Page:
You do not need a Computer Science degree to become a Software Engineer

You can become a Software Engineer without a Computer Science degree.

It's also possible to become a Software Engineer without a college degree at all.

Let's cover pros and cons of two of the most common, non-traditional paths to becoming a Software Engineer: bootcamp programs and teaching yourself.

Bootcamp Programs

One path that has gained popularity since the rise of Dev Bootcamp circa 2012, is the bootcamp program.  While this model was popularized by Dev Bootcamp, there are several schools that have since put together similar programs.

Bootcamp programs are short-term (usually 2-4 months), intensive training programs that teach you the basics of software development.


  1. Time - these programs pack a lot of information and experience into a relatively short time period.  They have found a program that works - you won't be meandering through the internet just trying to figure out what you need to learn.
  2. Experience - you will be using the same software development tools and agile methodologies Software Engineers use on a daily basis.  You'll be working in teams and learning to productively communicate and collaborate.  In my experience, bootcamp programs place more emphasis on this than traditional college courses do - you're generally doing this every day and even from the very beginning of the program.
  3. Mentorship - oftentimes, these programs pair you with a mentor.  It is a nice way to tailor the experience to you and your needs.  You will get one-on-one time to have your questions answered and get the guidance and coaching you specifically need.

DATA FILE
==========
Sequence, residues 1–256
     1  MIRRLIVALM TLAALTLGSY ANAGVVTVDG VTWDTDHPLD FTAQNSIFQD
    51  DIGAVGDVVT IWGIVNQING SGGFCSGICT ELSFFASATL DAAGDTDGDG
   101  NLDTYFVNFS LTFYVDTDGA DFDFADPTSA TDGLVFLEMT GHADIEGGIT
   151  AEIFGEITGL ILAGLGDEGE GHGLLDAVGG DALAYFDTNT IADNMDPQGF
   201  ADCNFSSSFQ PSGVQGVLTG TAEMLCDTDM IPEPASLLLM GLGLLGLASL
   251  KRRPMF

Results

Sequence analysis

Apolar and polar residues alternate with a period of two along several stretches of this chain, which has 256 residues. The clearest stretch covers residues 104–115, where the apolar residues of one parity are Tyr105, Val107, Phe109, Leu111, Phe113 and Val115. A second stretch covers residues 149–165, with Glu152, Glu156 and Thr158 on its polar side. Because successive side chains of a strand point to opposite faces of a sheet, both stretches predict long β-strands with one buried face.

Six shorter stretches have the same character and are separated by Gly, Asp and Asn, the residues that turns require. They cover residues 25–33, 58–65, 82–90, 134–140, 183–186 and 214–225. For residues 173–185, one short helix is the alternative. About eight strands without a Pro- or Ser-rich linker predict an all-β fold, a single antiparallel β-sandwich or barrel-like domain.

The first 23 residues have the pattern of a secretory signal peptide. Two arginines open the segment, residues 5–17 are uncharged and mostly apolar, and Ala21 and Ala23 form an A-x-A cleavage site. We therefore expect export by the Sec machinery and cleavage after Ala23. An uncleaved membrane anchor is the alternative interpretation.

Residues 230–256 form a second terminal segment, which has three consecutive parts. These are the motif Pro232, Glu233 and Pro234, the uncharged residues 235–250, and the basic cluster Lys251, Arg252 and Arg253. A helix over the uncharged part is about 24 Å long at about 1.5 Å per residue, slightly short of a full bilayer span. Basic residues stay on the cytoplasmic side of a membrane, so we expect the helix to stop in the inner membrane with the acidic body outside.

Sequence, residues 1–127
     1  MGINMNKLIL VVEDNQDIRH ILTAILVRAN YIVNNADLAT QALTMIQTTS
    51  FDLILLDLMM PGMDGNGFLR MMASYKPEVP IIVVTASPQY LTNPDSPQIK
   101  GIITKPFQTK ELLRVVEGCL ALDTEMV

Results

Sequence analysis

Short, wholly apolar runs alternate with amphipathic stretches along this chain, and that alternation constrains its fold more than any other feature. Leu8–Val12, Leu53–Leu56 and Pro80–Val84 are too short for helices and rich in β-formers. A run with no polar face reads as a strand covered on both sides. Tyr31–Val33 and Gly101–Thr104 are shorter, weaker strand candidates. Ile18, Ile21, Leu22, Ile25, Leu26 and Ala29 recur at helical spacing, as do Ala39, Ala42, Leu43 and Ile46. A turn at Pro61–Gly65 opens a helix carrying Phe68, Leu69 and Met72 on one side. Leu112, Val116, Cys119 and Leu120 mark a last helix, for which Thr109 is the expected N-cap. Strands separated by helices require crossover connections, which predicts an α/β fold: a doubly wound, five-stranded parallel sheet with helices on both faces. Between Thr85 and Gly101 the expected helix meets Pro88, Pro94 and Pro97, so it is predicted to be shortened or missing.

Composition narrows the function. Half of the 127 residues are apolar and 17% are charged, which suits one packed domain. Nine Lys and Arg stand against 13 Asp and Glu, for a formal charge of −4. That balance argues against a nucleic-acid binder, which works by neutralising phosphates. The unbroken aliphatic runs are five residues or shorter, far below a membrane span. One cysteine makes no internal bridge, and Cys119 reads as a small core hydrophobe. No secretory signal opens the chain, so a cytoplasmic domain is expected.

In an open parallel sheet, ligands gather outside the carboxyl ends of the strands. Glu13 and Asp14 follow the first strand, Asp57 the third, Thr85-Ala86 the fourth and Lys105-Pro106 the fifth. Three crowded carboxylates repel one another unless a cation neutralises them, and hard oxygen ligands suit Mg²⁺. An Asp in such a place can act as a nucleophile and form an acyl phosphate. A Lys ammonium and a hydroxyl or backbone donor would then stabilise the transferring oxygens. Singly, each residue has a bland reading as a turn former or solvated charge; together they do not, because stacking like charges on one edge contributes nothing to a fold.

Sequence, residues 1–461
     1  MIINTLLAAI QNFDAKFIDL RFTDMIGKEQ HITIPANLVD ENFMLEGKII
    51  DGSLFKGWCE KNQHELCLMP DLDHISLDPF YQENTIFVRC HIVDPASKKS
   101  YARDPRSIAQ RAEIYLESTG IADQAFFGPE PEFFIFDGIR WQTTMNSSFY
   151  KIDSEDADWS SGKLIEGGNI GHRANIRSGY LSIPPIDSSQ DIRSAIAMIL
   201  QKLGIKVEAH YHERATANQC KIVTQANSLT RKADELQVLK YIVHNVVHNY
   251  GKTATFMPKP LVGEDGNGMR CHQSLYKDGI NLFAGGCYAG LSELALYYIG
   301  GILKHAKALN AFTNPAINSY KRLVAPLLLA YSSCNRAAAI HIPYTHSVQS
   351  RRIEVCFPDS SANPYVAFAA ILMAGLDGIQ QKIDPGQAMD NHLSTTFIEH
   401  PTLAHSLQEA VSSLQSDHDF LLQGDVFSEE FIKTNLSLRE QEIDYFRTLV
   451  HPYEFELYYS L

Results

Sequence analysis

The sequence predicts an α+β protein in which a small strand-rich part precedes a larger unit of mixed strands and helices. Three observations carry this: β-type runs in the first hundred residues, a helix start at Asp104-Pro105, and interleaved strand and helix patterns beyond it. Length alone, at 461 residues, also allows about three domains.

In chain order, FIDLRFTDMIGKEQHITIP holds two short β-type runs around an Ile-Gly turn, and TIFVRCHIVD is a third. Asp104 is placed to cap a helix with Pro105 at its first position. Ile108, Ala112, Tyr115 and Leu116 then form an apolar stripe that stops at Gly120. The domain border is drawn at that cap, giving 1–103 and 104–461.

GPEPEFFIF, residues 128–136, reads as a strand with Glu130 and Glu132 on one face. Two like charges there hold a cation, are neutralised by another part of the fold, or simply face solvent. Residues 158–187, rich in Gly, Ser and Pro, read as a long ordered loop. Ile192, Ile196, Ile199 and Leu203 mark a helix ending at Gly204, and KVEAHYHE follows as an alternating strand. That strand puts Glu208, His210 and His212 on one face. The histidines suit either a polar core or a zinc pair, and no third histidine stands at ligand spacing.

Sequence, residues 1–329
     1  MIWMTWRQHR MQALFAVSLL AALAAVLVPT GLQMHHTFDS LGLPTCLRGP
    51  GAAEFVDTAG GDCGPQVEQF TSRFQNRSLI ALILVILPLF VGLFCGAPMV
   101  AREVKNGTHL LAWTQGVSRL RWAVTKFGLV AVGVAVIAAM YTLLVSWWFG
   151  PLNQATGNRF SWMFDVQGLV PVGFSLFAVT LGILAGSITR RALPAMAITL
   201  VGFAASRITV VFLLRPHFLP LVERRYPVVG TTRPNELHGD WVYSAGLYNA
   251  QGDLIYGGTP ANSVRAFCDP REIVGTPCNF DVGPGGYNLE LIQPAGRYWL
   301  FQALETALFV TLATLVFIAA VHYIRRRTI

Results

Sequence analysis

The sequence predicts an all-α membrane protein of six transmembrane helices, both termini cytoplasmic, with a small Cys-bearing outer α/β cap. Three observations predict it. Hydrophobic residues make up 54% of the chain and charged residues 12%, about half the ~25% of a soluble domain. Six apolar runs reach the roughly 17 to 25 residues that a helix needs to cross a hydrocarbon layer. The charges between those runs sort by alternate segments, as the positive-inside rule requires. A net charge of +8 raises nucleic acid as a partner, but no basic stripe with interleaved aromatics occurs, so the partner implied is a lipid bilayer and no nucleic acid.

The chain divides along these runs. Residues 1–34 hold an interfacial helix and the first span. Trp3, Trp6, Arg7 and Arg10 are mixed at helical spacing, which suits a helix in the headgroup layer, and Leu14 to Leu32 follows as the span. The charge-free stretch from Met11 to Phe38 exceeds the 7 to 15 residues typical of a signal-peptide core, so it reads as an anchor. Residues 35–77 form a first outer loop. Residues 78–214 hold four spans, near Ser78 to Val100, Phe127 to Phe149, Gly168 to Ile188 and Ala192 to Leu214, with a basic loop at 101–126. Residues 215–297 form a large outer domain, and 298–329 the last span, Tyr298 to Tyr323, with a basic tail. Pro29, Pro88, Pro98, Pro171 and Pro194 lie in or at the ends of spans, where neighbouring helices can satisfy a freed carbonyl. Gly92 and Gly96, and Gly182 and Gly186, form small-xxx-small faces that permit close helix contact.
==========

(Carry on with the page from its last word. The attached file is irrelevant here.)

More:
4. Employment - these schools typically partner with corporate sponsors that will hire you as an entry-level Software Engineer after successful completion of the course.


  1. Time - yes this was also a pro - unless you've found a program that happens to be designed to be part-time, you're going to be spending every waking hour on learning, studying, practicing, and building.  More than likely, you'll need to quit or take time off from your job if you already have one.
  2. Cost - according to, the median bootcamp program cost in 2020 was $13,579.

Teaching Yourself

The cheapest way is to teach yourself.  And it can be done - there are plenty of success stories out in the wild - I run into these folks on a pretty regular basis.


  1. Cost - there is no cheaper path (in terms of money) than doing it yourself.
  2. Exploration - you can try different technologies, stacks, and disciplines and figure out what's most interesting to you.  You can try different learning materials and figure out which best suits your learning style.


  1. Time - you'll be spending time trying to figure out what it is that you need to learn, finding the materials to learn it, and then you could be left not knowing if you know enough.
  2. Isolation - it's likely you won't be gaining experience working in teams and collaborating with others.  Even if you do find a way to incorporate these into your learning plan, you're unlikely to place enough emphasis on them.
  3. Mentorship - unless you seek out a mentor on your own, you're unlikely to have this valuable resource.  You could be missing out on one-on-one time with a person that has real-world experience in Software Engineering and can answer nearly any question you have.
  4. Completeness - it's easy to overlook certain tools or knowledge that are necessary to becoming a Software Engineer.  Put simply: you don't know what you don't know.

What path is right for you?

You'll need to consider what your timeline and constraints are.  Do you have the time and money available to attend a bootcamp program?  Would you prefer to explore before committing?  Learn at your own pace?

To those that have considered these paths before - what did you choose and why?  How did it work out for you?

Want to learn more?

Check out some of the best reasons to become a Software Engineer - and - some of the not-so-great things about being a Software Engineer.